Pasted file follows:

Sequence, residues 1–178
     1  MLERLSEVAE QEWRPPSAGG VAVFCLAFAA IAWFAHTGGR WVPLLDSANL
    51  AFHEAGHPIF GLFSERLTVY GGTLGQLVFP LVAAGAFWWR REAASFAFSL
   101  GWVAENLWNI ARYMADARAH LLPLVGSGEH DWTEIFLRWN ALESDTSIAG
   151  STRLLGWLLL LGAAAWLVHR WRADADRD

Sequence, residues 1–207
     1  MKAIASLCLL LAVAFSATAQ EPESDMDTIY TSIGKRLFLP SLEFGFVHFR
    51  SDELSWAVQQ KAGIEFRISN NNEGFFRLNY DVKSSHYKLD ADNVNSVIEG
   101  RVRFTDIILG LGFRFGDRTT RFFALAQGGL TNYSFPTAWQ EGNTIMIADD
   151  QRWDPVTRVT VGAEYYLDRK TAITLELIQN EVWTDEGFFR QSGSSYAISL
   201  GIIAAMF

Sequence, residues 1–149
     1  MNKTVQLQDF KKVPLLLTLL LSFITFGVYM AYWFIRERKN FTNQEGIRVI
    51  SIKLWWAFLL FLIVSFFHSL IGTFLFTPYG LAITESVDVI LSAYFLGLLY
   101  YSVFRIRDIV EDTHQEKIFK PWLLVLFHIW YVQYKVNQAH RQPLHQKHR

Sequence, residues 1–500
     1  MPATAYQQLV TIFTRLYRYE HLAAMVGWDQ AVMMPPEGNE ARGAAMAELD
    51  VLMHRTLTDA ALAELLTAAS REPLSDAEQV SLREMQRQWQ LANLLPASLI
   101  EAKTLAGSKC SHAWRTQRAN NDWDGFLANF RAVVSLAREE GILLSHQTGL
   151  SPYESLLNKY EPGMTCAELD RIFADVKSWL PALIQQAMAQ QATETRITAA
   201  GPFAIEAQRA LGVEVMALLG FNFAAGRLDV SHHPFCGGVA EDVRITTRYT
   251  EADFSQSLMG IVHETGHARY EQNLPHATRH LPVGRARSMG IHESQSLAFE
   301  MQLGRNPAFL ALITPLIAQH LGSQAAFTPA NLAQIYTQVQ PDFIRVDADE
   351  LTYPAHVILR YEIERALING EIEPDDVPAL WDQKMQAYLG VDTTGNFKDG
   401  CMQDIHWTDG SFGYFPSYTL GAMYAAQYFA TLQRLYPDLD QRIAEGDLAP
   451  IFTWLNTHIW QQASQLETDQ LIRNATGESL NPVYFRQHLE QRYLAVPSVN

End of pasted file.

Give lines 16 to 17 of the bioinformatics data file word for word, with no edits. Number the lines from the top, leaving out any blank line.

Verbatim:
Sequence, residues 1–500
     1  MPATAYQQLV TIFTRLYRYE HLAAMVGWDQ AVMMPPEGNE ARGAAMAELD